Six Steps to Creating a Successful Audio Brand
Submitted to Data-Driven Marketing Network by Laurence Minsky… on Fri, 04/04/2014 – 08:00
Marketers today have a harder job than ever before. First, a firm’s ability to stand out has shrunk due to the ever-growing media fragmentation and the homogenization of marketing tools. Secondly, people are even more distracted, with some reporting that attention spans have dropped below those of goldfish.. And third, it’s harder to manage the ever-growing array of marketing specialties. Just think: Not long ago, marketers used to manage two or three agencies and today they manage as many as twelve, including those specializing in general market, digital, social, experiential, shopper, content, youth, sports, internal/channel, PR, and multi-cultural. 
But there is a strategy that can help tie all of the agency efforts together and boost your overall marketing effectiveness as well as help set your firm, product, or service apart from your competitors and create brand value: audio branding.
In fact, as we showed in a previous article, audio branding – increasing a brand’s influence through sound and music that expresses its values and personality – can help ensure coherence across all of your tactics and with all of your audiences. What’s more, because audio cues get processed faster than visual ones, the recipient captures the message in a less than a flash, so he or she will literally hear your branding message before even being able to think about tuning it out. And, as an extra bonus, developing an audio brand could even save marketing dollars because of the hidden costs of licensing music for each exploration.
Just what Peugeot achieved with its new audio brand. In support of their new brand expression, Motion and Emotion, Peugeot set the ambitious goal of communicating the emotion of the driving experience along with their emotional values of innovation, impeccable standards, allure, dynamism, and modernity. The resulting audio identity broke from the traditional, somewhat metallic, sounds of the category, which customers had a hard time attributing to specific brands.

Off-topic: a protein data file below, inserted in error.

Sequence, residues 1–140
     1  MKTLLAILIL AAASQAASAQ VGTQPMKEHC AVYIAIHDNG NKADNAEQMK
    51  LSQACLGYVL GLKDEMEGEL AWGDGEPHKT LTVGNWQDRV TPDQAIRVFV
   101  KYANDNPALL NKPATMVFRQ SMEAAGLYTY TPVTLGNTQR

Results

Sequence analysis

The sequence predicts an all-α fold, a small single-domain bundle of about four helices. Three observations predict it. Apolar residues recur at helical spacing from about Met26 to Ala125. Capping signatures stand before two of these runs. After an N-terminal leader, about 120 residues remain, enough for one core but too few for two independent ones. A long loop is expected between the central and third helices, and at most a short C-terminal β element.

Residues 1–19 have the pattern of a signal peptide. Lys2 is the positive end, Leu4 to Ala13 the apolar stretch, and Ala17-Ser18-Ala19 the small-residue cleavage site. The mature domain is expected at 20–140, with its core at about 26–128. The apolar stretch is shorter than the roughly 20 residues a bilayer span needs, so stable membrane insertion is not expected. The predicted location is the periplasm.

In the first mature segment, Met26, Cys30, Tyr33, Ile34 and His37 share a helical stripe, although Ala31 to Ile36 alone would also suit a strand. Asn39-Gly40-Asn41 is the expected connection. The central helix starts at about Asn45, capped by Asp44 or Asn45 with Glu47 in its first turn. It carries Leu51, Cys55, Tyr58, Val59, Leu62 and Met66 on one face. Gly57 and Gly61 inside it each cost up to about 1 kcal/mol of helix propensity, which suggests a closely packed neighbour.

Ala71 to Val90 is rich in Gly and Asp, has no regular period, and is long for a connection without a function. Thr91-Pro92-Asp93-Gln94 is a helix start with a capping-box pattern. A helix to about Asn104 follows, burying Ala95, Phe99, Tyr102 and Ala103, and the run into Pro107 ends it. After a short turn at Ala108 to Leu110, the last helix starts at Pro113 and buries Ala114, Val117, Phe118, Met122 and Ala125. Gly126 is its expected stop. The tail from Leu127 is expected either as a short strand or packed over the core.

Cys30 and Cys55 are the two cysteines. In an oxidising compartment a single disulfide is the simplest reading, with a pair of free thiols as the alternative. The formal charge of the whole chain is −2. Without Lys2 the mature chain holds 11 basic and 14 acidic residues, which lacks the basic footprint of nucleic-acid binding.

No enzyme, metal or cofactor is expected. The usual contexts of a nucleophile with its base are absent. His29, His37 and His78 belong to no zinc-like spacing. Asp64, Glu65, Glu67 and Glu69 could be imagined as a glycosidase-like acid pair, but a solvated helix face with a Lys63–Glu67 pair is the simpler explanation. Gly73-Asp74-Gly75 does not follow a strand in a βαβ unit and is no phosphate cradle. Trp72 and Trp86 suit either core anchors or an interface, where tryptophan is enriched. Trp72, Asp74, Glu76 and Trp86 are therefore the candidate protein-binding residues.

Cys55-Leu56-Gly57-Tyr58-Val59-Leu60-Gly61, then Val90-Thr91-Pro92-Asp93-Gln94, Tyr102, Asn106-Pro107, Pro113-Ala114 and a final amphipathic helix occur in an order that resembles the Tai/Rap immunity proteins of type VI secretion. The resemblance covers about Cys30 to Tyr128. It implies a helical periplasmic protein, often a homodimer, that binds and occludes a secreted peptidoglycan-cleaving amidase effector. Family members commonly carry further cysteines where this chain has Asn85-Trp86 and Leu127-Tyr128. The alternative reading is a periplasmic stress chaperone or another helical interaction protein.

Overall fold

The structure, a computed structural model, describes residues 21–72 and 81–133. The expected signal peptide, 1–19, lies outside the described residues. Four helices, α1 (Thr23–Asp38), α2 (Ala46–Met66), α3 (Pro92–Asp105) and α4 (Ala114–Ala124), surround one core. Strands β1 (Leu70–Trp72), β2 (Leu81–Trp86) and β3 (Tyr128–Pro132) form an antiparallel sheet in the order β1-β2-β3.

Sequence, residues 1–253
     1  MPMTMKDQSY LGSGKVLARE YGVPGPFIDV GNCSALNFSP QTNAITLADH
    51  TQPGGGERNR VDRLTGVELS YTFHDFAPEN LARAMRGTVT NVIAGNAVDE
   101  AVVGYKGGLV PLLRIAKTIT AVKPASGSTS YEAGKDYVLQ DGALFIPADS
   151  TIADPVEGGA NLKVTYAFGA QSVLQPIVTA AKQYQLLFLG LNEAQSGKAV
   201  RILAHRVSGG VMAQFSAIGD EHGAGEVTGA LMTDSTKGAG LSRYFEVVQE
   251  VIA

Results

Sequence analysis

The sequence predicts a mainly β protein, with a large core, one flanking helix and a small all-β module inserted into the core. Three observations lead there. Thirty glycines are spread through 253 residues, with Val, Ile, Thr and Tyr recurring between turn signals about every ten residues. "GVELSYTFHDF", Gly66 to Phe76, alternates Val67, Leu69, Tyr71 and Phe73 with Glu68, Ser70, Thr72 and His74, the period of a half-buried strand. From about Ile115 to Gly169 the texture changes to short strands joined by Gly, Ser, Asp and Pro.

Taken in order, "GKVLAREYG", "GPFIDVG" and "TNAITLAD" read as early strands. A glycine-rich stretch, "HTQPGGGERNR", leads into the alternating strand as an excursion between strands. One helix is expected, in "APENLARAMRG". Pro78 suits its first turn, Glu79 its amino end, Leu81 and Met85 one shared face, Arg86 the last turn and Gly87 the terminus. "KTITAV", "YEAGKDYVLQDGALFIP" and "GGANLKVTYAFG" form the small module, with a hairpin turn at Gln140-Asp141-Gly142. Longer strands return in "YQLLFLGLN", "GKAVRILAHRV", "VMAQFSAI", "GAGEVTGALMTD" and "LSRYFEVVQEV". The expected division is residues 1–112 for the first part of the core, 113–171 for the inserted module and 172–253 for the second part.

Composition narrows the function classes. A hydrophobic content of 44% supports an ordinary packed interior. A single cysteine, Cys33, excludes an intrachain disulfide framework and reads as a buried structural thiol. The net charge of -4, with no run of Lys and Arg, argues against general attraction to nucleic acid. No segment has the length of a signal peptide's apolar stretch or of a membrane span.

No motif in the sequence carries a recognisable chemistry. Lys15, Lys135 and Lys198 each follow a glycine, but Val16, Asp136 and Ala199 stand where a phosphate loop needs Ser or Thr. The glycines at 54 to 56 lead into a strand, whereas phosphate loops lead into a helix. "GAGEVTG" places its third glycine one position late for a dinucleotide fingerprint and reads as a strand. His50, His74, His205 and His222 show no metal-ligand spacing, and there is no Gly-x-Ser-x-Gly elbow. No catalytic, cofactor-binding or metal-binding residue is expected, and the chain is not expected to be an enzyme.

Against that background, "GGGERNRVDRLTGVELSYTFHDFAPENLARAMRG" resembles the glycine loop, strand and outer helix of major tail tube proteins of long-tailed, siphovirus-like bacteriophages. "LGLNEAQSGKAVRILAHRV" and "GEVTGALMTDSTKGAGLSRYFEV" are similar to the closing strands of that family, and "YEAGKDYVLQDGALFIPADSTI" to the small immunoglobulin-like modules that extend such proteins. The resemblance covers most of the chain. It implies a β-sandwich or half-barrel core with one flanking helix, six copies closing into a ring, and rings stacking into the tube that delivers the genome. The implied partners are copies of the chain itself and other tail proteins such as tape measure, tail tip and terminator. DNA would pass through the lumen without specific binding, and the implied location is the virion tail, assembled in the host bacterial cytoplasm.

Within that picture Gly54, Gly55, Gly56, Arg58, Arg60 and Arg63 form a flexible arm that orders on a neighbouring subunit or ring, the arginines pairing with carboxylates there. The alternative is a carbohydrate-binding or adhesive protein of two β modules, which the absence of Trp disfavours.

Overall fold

They launched their audio identity with a fullness that isn’t normally found in the category. Based on their new Audio DNA, they created music optimized for each touch point – from customer service lines, to mobile ringtones designed for various tastes, walk-in music for events, radio, as well as TV and an interactive Facebook App and their website http://peugeot.com.
So, what do you need to do if you want to launch your audio brand? First, you must think of it as a system. From the commercials and the app start up to the on hold recordings and even the expos and events (and perhaps even ring tones for employees), you need to optimize the audio expression for each touch point, so that it is appropriate to the experience as well as recognizable that it’s coming from your brand. Then, you need to compile your team of strategists, composers, sound designers, and implementation experts, so you can ensure the right message gets to the right ears at the right time, and follow these six steps (notice the correspondence to visual brand development):
1) Just as when you create a visual brand identity, you must first make sure you have defined your brand’s foundational elements.
Look back at your brand essence – the two or three words that describe its core – as well as your mission, vision, values, and personality and where they stand compared to your competitive set. This will help you narrow down your value enhancing audio strategy and identify the audio language that will represent your brand with precision. Peugeot, for instance, refreshed both their visual brand and audio brand in such a way that they enhance and add meaning to each other.
2) Review the touch point analysis you completed for your visual brand and complete a competitive audio analysis.
Don’t have a visual touch point analysis? Then now is a good time to start. Identify of all places your brand – and your competitor’s – come in contact with customers and other stakeholders. Also think of the new touch points that are now available because of your audio brand. For Swedish Mall, Emporia, just within the center itself, this included their six plazas; each bathroom; each level of their parking garage; and each lounge as well as their PA system.